lutions. Cambon said loftily before the Belgians them- But why, they object to me, have not you and selves : The Belgian war costs us hundreds of mil- your friends chosen to expose these measures in lions. Their ordinary revenues, and even some the rostrum of the National Convention? Why extraordinary taxes, will not answer to our reim- have you not opposed yourself to all these fatal bursements; and yet we have occasion for them. projects of union ? The mortgage of our assignats draws near its There are two answers to make here, one general, end. What must be done? Sell the church pro- one particular. perty of Brabant. There is a mortgage of two You complain of the silence of honest men ! thousand millions (eighty millions sterling). You quite forget, then, honest men are the objects How shall we get possession of them ? By an of your suspicion. Suspicion, if it does not stain immediate union. Instantly they decreed this the soul of a courageous man, at least arrests his union. Men's minds were not disposed to it. thoughts in their passage to his lips. The suspiWhat does it signify? Let us make them vote cions of a good citizen freeze those men, whom the by means of money. Without delay, therefore, calumny of the wicked could not stop in their they secretly order the minister of foreign affairs progress. to dispose of four or five hundred thousand livres You complain of their silence! You forget, (20,0001. sterling) to make the vagabonds of then, that you have often established an insulting Brussels drunk, and to buy proselytes to the equality between them and men covered with union in all the states. But even these means, it crimes, and made up of ignominy.was said, will obtain but a weak minority in You forget, then, that you have twenty times our favour. What does that signify ? Revolutions, left them covered with opprobrium by your said they, are made only by minorities. It is galleries.the minority which has made the Revolution of You forget, then, that you have not thought France ; it is a minority which has made the yourselves sufficiently powerful to impose silence people triumph.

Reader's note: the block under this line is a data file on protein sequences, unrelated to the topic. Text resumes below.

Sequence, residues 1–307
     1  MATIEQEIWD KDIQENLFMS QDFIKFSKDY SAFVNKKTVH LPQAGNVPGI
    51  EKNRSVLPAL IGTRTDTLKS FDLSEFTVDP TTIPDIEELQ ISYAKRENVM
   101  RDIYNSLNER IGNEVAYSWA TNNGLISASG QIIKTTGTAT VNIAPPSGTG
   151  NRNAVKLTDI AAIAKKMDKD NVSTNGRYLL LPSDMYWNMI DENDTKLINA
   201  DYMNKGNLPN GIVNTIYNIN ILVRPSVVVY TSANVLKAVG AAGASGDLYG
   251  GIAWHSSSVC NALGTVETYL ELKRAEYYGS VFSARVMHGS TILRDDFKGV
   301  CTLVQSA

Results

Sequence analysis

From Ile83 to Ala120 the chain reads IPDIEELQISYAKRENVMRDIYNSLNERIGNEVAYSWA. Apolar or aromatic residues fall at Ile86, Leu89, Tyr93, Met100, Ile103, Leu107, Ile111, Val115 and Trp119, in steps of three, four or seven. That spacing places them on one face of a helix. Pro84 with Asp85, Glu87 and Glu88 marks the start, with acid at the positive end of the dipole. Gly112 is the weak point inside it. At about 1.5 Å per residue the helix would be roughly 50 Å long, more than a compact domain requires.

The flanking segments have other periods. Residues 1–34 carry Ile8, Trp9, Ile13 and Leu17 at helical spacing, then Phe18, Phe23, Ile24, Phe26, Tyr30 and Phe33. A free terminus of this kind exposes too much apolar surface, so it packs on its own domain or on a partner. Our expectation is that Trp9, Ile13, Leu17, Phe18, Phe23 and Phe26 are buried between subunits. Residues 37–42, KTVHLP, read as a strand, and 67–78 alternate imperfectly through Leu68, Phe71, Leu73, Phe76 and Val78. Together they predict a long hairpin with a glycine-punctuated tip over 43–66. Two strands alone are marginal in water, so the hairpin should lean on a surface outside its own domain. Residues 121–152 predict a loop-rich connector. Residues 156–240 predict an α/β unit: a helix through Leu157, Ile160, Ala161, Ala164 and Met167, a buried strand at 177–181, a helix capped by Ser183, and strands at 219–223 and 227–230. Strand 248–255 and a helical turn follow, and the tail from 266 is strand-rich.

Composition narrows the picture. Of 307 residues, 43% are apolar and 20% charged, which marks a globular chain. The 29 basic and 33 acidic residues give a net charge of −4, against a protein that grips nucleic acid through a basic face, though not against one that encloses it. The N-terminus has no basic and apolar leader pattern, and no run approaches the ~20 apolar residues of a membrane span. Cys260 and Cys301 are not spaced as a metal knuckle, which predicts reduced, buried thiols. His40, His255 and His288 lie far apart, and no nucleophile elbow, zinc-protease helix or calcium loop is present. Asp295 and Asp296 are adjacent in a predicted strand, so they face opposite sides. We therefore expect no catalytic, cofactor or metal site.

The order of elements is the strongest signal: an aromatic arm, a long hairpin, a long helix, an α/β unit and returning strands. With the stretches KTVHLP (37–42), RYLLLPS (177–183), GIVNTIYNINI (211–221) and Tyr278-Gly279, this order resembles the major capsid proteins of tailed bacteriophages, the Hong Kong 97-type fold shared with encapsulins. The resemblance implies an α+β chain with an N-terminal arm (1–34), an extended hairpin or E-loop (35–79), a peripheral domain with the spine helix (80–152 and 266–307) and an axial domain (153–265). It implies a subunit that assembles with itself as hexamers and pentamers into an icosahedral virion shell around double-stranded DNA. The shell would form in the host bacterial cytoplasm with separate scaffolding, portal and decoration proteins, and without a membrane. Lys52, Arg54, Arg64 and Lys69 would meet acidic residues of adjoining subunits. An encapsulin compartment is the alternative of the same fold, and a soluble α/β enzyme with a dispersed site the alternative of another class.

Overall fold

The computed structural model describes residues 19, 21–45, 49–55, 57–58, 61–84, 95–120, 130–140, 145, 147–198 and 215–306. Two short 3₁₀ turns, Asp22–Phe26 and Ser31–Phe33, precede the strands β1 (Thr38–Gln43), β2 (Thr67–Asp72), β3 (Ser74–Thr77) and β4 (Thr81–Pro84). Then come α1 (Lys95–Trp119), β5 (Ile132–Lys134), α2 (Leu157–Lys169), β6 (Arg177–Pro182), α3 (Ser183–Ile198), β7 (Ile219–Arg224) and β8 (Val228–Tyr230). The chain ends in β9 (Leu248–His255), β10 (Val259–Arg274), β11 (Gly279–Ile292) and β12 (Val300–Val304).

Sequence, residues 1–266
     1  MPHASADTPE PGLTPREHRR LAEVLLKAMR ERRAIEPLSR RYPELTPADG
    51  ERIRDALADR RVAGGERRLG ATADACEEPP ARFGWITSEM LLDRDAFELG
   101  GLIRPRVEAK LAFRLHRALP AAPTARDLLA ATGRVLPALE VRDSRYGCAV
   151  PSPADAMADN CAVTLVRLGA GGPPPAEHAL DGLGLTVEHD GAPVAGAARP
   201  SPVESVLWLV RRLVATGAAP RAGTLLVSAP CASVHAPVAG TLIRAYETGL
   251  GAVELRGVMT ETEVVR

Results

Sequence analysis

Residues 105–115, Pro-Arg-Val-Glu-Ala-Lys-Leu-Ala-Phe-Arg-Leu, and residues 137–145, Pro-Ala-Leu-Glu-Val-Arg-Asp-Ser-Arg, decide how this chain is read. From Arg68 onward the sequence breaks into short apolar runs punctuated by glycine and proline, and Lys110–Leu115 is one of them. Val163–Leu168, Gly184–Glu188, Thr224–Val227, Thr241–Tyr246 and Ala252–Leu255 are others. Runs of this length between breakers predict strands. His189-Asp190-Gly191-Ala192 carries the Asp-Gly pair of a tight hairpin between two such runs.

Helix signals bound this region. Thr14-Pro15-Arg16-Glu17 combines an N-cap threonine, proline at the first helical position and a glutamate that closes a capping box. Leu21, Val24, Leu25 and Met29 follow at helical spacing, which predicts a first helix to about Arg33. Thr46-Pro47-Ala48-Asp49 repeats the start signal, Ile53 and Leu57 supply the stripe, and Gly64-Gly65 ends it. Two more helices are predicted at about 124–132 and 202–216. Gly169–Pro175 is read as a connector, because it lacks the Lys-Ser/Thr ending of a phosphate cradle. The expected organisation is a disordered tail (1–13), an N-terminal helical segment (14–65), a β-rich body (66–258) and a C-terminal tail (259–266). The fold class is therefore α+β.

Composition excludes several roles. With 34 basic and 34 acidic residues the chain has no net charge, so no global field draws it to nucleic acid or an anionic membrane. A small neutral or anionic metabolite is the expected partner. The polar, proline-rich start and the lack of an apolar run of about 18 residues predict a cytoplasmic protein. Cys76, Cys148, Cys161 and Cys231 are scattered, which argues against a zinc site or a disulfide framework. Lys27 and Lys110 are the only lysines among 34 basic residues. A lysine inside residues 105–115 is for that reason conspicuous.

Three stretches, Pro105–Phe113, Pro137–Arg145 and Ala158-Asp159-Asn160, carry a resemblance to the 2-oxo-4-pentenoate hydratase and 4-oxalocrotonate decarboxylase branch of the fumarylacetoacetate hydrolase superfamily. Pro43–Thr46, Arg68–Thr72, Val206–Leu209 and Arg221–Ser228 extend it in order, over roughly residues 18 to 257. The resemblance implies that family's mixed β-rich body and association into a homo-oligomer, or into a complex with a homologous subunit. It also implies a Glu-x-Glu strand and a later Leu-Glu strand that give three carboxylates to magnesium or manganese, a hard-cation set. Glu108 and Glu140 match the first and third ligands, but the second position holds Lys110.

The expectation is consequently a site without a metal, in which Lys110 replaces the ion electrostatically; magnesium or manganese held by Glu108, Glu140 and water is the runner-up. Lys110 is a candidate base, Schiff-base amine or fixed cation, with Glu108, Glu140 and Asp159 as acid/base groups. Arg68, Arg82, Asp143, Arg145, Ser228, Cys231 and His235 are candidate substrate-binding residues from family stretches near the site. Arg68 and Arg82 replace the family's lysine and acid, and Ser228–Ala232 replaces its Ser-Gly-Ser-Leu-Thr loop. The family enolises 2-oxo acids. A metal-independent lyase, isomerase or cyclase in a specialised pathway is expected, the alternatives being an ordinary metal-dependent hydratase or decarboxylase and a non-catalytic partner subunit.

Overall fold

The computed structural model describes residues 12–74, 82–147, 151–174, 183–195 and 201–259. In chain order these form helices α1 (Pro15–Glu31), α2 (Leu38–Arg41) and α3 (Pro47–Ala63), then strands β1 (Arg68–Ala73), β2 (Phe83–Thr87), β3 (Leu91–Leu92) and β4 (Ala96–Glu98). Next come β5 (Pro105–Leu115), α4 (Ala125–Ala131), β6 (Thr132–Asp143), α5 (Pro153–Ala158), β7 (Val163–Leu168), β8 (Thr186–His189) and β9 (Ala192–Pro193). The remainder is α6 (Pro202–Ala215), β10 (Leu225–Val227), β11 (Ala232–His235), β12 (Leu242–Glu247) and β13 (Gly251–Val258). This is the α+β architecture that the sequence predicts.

upon these galleries. The Belgick provinces were not sufficient to What ought a wise man to do in the midst of satisfy the voracious cravings of this financial sys- these circumstances? He is silent. He waits the tem. Cambon wanted to unite every thing, that moment when the passions give way; he waits till he might sell every thing. Thus he forced the reason shall preside, and till the multitude shall union of Savoy; in the war with Holland, he saw listen to her voice. nothing but gold to seize on, and assignats to sell What have been the tacticks displayed during at par.* Do not let us dissemble, said he one day all these unions? Cambon, incapable of political to the committee of general defence, in presence calculation, boasting his ignorance in the diploeven of the patriot deputies of Holland, you have matick, flattering the ignorant multitude, lendno ecclesiastical goods to offer us for our indem- ing his name and popularity to the anarchists, nity:-IT IS A REVOLUTION IN THEIR seconded by their vociferations, denounced inCOUNTERS AND IRON CHESTS, † that cessantly as counter-revolutionists, those intelmust be made amongst the Dutch. The word was ligent persons who were desirous, at least, of said, and the bankers Abema and Vanstaphorst having things discussed. To oppose the acts of understood it.
union, appeared to Cambon an overt act of Do you think that that word has not been treason. The wish so much as to reflect and to worth an army to the Stadtholder, that it has not deliberate, was in his eyes a great crime. He cooled the ardour of the Dutch patriots, that it calumniated our intentions. The voice of every has not commanded the vigorous defence of Wil- deputy, especially my voice, would infallibly liamstadt?
have been stifled. There were spies on the very Do you believe that the patriots of Amster- monosyllables that escaped our lips. * dam, when they read the preparatory decree
* The same thing will happen in Savoy. The persecution of movable property which may be represented in bonds, notes, the clergy has soured people's minds. The Commissaries re- bills, stocks, or any sort of públick or private securities. I do present them to us as good Frenchmen. I put them to the not know of a single word 'in English that answers it: I have proof. Where are the legions? How, thirty thousand Savoy- therefore substituted that of Iron Chests, as coming nearest to the ards-are they not armed to defend, in concert with us, their liberty? Brissol.
In the original letter, les reduire à la Sansculoterie. † Portefueille-is the word in the original. It signifies all
END OF VOL. I.